Our family loves to go to our local apple orchard to get the “windfalls” deal. Our orchard charges a very low price per 5 gallon bucket of apples we find on the ground. For a family of 10, that is a great deal! We try to go as many times as we can.
[ctt template=”4″ link=”K9Wkp” via=”yes” ]Do you love to go to the apple orchard to get fresh apples? Here is how to store whole fresh apples from the orchard for winter. [/ctt]
Each time, we take three of our five gallon buckets lined with a plastic garbage bag. The reason for three is because that is how many fits in our wooden wagon with the pull handle. They would be way too heavy to carry! The reason for the garbage bag is so we can easily lift them out into a laundry basket or storage tote while we prepare them for storage or use and we can have the bucket available right away. A family with not so many people in their vehicle could take these bags out and put them in the seats or more trunk space and put fresh bags in the bucket and go get more. Our family will fill the buckets with apples, load them in the vehicle, then go enjoy the fun things to do like sample the different varieties of apples, pet the animals, ride on the rides, slide down the slide or do the corn maze at our fun orchard.
Now it's time to sort the apples. First we look at each apple and try to store the apples with no cuts, holes or bruises. The others we will eat soon, make applesause, desserts, dried apples, fruit leather, etc. In storage, we don't want the apples to touch each other in case a few go bad, no need to spoil them all. Do not wash. They need their protective waxy coat to better preserve them.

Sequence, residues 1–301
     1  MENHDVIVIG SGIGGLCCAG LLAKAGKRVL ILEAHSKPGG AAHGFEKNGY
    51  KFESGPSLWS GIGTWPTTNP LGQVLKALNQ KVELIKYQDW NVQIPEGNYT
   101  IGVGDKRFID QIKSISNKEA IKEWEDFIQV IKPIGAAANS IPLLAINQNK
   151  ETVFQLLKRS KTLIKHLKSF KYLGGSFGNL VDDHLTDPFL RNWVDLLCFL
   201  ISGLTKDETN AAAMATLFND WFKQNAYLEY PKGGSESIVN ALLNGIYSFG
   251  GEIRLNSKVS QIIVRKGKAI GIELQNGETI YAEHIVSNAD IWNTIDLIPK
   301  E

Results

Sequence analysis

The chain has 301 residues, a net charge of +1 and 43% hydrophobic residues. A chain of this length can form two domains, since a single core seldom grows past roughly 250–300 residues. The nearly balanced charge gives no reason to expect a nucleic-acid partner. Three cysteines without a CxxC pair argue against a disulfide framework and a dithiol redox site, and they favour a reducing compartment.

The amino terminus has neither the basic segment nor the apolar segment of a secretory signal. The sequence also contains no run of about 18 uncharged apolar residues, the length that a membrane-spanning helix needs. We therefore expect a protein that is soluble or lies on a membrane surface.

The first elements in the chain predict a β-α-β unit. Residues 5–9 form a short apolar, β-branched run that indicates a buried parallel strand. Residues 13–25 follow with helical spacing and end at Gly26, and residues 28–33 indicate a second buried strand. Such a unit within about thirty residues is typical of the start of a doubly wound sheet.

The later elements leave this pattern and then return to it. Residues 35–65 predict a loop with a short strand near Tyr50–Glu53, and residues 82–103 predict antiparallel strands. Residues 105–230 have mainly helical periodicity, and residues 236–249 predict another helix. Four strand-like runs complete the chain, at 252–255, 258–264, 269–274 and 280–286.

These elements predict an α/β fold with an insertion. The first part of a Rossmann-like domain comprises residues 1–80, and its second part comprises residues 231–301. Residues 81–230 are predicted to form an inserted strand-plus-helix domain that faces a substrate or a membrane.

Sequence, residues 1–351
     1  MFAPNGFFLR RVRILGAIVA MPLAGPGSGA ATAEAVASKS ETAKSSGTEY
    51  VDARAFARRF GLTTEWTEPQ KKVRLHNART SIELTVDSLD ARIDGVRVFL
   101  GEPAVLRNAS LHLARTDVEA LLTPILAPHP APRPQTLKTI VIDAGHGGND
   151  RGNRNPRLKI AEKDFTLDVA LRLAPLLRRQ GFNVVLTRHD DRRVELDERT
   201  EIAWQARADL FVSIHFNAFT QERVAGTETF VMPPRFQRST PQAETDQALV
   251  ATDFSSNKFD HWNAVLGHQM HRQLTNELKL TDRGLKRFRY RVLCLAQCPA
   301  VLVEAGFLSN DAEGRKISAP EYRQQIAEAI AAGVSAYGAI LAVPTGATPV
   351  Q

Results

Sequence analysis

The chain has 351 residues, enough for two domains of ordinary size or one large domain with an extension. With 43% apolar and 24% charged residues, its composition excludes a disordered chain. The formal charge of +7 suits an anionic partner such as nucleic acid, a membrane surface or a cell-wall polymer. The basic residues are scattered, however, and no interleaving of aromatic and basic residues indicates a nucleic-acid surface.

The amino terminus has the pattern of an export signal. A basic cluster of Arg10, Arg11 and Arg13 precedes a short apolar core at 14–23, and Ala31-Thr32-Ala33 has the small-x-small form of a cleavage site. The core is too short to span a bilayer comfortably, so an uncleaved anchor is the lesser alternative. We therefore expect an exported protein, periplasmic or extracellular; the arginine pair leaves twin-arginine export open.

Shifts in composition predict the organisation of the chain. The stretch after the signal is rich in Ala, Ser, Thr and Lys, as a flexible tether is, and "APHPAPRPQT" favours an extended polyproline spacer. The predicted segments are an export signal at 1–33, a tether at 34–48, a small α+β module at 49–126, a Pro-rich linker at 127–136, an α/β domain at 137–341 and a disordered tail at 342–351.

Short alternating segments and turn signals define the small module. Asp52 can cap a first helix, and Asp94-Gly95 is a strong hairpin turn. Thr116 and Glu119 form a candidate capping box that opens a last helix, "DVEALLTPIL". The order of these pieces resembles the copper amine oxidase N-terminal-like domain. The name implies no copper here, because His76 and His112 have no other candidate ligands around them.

We get a plastic storage container (we find many in our abandoned storage unit resale business) and wrap each apple with newspaper (you could use craft paper, tissue paper, brown paper grocery bags cut into squares, etc.) and place them all along the bottom, as many as we can fit. Then we do two more rows like this. We need to keep it this shallow or the weight would cause more spoilage of the lower layers. We do not put a lid on the container (they need to “breathe”) and store them in our basement which is like a root cellar and somewhat cool. It's like storing them in a refrigerator, but it's not as cold as a refrigerator. Some will still go bad, but the paper helps them not to leak those rotting juices onto the other apples.
We label the variety and write “eat first” on the box of the thin skinned and more sweet apples as they do not have as long of a shelf life as the thick skin, tart apples.
When I get apples from the basement, it reminds me of the old sea ships in history books and stories that would be at sea for months and have an “apple barrel” to keep the apples in or Laura Ingalls books when she was married and had an apple orchard. Now we get to live it out and save money on apples!
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